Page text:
After Live Aid, everyone knew what playing Wembley meant. "It was a big deal everywhere, particularly in America," says Goldsmith.

At Live Aid the whole world came to Wembley, where an exciting, communal, emotional Britain looked forwards. After half a century, the stadium had finally fulfilled the purpose it was built for.

The Prince of Wales shifted in his seat. Charles had expected to be in first class on the plane to Hong Kong, but found himself and his staff upstairs in club class. He thought, wistfully, of the politicians in first class. "Such is the end of Empire," he sighed to his journal, later published (without his permission) in the Mail on Sunday.

It was late 1997. Almost every piece of the Empire which the 1924 exhibition that Charles’ great Uncle, Edward, had sought to bind together had rebelled, defected, partitioned or claimed independence. In 1945, 700 million people outside the UK were ruled by Britain. By 1965 it was just five million, and more than half of them lived in Hong Kong.

Now, Edward's eternal concrete colosseum was crumbling too.

It had been coming. Alistair Coleman, a columnist for the Arsenal fanzine The Gooner and a regular visitor to Wembley with the club during the 80s and 90s, was accustomed to the bad facilities at away grounds. Wembley, however, "was thoroughly grim".

"If you were standing — later sitting — at the tunnel end, the first thing you encountered as you climbed the steps up to the turnstiles was a grassy bank literally covered in dog shit." Coleman surmised it was where the greyhounds were kept between races. "Nobody seemed to clear it up, ever."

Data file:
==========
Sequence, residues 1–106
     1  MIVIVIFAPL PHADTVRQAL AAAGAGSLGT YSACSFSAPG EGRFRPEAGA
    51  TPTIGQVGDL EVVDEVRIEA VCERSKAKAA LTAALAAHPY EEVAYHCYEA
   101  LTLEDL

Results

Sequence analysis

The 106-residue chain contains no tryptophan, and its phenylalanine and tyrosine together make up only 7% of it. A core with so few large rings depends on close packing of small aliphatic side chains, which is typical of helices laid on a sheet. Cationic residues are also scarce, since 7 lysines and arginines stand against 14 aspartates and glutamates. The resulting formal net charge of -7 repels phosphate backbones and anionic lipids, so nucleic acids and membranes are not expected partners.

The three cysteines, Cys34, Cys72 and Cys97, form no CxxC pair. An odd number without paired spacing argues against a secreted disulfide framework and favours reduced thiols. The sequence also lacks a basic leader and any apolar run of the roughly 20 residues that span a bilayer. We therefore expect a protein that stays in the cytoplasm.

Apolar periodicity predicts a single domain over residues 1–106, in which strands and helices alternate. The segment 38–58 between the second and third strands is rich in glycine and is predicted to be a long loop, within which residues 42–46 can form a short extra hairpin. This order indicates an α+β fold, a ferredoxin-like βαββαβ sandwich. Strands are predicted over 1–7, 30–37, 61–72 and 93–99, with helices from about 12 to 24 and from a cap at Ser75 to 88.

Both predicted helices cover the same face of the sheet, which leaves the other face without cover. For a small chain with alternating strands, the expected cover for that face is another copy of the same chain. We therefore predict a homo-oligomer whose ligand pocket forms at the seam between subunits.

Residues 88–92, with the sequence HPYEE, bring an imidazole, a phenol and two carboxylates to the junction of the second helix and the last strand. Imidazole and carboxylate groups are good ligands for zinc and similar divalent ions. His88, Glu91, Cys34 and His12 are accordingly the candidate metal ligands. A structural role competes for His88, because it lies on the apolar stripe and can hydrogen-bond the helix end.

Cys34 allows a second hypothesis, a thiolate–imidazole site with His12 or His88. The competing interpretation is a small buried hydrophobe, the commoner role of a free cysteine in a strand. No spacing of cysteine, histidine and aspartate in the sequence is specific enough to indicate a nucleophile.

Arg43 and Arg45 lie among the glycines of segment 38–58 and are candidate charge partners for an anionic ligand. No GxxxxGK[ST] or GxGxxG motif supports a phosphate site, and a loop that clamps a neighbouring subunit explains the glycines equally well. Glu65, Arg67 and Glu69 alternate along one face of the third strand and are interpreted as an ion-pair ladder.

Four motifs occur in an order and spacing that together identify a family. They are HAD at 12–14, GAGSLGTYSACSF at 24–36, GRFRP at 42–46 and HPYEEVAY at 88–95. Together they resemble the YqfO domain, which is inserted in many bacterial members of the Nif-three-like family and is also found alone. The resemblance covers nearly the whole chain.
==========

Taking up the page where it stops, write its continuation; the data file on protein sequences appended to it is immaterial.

The toilets had been inadequate when the stadium was built. Eighty years later, they were horrific. There were 360 toilets at the old stadium — roughly one for every 216 fans in an 82,000-capacity crowd.

When unable or unwilling to find a toilet, fans simply pissed against the walls of the concourses. Coleman saw it a lot. "I always assumed The Great Wembley River of Piss was a permanent feature."

There was nothing to do once you got off the Tube in Wembley, so most people turned up as close to kick-off as possible. "It was always pretty nasty inside that concourse, and it wasn't really safe," says Angus Campbell, who visited the original stadium as a fan, and would later, as an architect at Foster + Partners, work on the version that would replace it.

The noise was still good and the atmosphere still intense. But a new millennium demanded a stadium that didn't stink of urine. Wembley needn't even be in Wembley. Why, asked The Observer, should it be in "an inconsequential, unpleasant, inaccessible part of London"?

The end, when it came in 2000, was pathetic. The towers’ flags were soaked in sheets of October rain. In the final match played there, the England men's team lost to Germany in the frantic, fevered way England's men lose when things really unravel. Manager Kevin Keegan resigned in the toilets.

In 2002, the bulldozers moved in. Objects and fittings from the stadium that had been close to greatness were stripped out and auctioned. A large ashtray from the royal box went for £550. A subs’ bench from a dug-out: £350. Clothes hooks from the dressing room: £240.

The towers were the biggest keepsake of all. Halton Borough Council offered to pay £3 million to move them to Widnes in Cheshire. The Guardian reported that a Nepalese businessman intended to buy them and ship them to his home country, where they would form a new scenic entrance to the Annapurna mountains.

Foster + Partners, the firm founded by the legendary British architect Norman Foster (later Lord Foster), which had won the contract to design the new stadium, tried to find a way of hanging onto the towers, perhaps lifting them up and rolling them into a new position somewhere on Olympic Way. In the end it was impossible, both practically and aesthetically.